Tag Archives: David Cameron

On the Saville Report

One of the few house rules operative here at Fugitive Ink is a prohibition on posts that merely re-duplicate an obvious point almost certainly made better elsewhere. The web, we all know, is too cluttered already. Why advert to the defects of CGT, for instance, or deplore the persecution of David Laws MP, when there’s scope for a 20,000 word piece on some dead diarist’s minor intellectual inconsistencies instead?

All the same, however, despite several hours of trying, I can’t quite stop myself from posting a few quick lines on the Saville Report, published yesterday — less because I have anything distinctive to say about it, than because the obvious things to be said about it are so crucially important, both for our understanding of recent history and for what civilian commentators believe to be the case about our own armed forces, both then and now.

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Filed under politics, Tory things, war & peace

Strange bedfellows: on the prospect of a Con-Lib pact

By the time tomorrow dawns, the Conservative Party may well wake to find itself curled up in coalition with the Liberal Democrats. Is this a good or a bad thing?

Gradually, having caught up on that lost sleep — can anyone remind me why it seemed at good idea to stay up in order to watch Ed Balls being charmless yet again? — the Tory commentariat has begun to acclimatize itself to the realities of a hung parliament, at least to the extent of organising itself into semi-predictable factions.

Both Guido and Iain Dale, for instance, are four-square behind full entanglement, rebranded as something called the Change Coalition. In Guido’s case, this involves making common cause with the more libertarian adepts of the Orange Book in order both to ‘open up politics and government, to roll back an authoritarian state’, but also ‘to destroy the Labour Party as a party of government forever’. Quite why the Labour party would somehow be ‘destroyed’ by the opportunity to select a new leader, to sit out what will inevitably be a period of deeply unpopular spending cuts and public sector contraction and to establish itself anew as the only credible left-of-centre party on offer, remains unclear to me. Iain Dale, in contrast, substitutes for argument the lapidary assertion that ‘it’s no good following Norman Tebbit’s logic and sticking your head in the ground like an ostrich and ignoring the realpolitik of the situation’ — which at least is quite funny, what with the implication that e.g. Oliver Letwin, one of Cameron’s key coalition negotiators, is a more reliable practitioner of realpolitik than Lord Tebbit — Continue reading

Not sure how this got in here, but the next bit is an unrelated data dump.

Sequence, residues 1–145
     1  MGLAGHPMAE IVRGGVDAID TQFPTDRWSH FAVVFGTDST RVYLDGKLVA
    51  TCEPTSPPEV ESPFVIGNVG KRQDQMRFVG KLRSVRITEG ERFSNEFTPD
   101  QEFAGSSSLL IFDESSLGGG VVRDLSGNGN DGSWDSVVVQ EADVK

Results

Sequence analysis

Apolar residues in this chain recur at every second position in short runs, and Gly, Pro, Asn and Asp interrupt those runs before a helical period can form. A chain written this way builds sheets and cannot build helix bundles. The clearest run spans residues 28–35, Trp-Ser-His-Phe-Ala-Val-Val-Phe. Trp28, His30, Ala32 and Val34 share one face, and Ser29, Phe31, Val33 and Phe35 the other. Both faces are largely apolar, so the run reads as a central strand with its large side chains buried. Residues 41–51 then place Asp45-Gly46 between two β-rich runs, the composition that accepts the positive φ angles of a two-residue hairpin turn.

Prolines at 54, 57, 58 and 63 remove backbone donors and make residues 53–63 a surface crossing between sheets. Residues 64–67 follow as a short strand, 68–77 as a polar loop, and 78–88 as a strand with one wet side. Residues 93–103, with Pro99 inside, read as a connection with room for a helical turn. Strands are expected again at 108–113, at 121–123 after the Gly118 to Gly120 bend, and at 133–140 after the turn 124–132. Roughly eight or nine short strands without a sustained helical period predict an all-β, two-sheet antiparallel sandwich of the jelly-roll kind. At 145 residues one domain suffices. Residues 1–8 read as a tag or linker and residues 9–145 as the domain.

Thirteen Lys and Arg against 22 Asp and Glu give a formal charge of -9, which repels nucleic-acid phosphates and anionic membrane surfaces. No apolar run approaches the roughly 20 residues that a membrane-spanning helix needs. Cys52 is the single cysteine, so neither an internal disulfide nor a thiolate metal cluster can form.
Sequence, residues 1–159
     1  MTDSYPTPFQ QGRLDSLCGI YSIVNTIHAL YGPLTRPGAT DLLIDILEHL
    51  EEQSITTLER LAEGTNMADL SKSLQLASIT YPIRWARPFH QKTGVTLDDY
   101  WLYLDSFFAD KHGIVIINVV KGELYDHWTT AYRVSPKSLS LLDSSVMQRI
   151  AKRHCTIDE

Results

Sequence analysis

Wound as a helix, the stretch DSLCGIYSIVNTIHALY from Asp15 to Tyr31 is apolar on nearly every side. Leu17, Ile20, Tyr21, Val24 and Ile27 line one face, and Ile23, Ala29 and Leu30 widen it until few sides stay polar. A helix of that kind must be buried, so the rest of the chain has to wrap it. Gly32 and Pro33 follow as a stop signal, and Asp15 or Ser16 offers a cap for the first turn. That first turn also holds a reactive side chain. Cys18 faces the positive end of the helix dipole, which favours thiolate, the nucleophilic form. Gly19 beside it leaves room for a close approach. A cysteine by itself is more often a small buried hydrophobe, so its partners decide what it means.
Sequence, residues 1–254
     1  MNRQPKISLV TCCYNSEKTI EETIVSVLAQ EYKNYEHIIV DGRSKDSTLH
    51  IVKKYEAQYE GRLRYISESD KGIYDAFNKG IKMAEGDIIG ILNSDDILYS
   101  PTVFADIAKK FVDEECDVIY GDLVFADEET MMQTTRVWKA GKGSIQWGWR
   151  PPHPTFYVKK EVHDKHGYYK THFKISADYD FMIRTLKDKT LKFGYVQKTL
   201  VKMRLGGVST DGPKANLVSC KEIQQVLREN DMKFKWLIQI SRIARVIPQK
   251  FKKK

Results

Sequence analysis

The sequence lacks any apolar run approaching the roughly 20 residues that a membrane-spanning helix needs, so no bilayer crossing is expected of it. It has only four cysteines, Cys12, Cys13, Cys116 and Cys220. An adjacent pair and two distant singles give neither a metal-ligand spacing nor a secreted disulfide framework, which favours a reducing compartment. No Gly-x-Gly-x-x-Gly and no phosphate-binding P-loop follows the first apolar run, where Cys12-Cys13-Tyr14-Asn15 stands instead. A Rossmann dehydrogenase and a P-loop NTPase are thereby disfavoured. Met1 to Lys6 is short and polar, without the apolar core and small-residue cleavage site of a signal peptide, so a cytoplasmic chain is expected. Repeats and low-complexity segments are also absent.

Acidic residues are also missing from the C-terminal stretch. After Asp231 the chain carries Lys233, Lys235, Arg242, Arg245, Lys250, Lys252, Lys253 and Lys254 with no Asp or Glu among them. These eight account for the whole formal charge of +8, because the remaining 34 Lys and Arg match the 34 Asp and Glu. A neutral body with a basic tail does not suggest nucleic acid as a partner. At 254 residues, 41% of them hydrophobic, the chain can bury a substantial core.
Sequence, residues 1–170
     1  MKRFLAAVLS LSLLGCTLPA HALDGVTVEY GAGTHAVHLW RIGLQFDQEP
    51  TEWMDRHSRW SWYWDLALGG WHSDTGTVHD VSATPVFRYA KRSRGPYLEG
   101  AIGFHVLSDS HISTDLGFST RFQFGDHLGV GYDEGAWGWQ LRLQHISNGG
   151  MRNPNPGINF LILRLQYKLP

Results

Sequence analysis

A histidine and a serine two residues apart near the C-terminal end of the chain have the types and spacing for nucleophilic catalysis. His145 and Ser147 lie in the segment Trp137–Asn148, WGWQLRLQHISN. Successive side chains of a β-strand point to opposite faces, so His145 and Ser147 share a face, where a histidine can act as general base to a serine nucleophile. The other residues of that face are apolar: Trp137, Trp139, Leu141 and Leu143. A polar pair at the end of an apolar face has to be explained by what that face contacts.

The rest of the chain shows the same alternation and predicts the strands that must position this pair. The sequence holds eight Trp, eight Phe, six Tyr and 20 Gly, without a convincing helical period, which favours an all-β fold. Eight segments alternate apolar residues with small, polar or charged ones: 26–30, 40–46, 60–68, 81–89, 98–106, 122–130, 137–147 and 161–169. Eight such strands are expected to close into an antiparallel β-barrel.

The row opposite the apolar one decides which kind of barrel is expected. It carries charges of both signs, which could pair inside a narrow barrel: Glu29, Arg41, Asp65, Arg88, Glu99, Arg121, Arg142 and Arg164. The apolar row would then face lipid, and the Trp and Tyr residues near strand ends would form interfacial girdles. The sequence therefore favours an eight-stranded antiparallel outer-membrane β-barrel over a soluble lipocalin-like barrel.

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On David Cameron and the Big Society

There is one feature of David Cameron which, it occurred to me while watching the television coverage of the speech he gave in Kennington today, bothers me more than any other.

No, it isn’t Mr Cameron’s allegiance to George Osborne, although for the record, the Ugly Bridesmaid syndrome isn’t exactly improved by transposition to the long-aisled nave of general election politics. It isn’t his distinctly unreliable grammar, disappointing though this must be in the context of what passes these days for a classical education. Nor is it even the weirdly hectoring, bad-tempered tone he invariably adopts in public discourse, although I find this distracting enough, as it always makes me wonder what he’d sound like if — and, admittedly, it’s a counterfactural one struggles to entertain for any length of time — he wasn’t talking down to someone he didn’t much admire in the first place.

No, the worst thing about David Cameron is the way in which he’s always threatening to ‘give’ things to people.

Admittedly, the gift of the moment varies. On some days, Mr Cameron is going to give ‘power’ to us. On other occasions, in contrast, we are to be given ‘opportunities’, or sometimes even ‘rights’. The precise choice of gift, needless to say, is up to Mr Cameron and the clique, err, circle of wise, disinterested, all-but-omniscient folk who advise him. Continue reading

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That debate again: picking over what’s left

Good news. As of Monday morning, the ravens had not yet deserted the Tower of London. They were, in fact, on notably frisky form, hopping and cawing and picking combatively at long-dead scraps of meaty-looking detritus as only ravens can.

Their slightly ghoulish cheerfulness seems to match the public mood, or at very least my own. Having recently despaired of the present general election as tiresome beyond words — see here — I’ve now decided that it’s actually quite entertaining.

The thing that changed my mind was, of course, last Thursday’s debate, to which my responses were uncharacteristically mainstream. Which is to say, once I’d stopped distracting myself by trying to figure out which shade of Farrow & Ball Estate® Emulsion most closely matched the strangely immobile surface of David Cameron’s face — in the end I plumped for Ointment Pink®, although admittedly this is a point upon which reasonable bloggers might, with honour, differ — I fell in with the general view that Gordon Brown looked old and tired, Cameron stiff and anxious, while Nick Clegg — hands in his pockets, eye-contact firmly established, making at least some of us wish that we were called ‘Jacqueline’ — positively shone, at least in relative terms.

Of course, television is an intrinsically stupid medium. Televised debates are, at best, an acceptable test of how well someone performs in a televised debate — nothing more. Most people who are really good on television couldn’t be trusted to run to the shops for a pint of milk, let alone tasked with negotiating the trackless and hazardous landscape of coalition government. So to that extent, the debate shouldn’t have mattered much at all.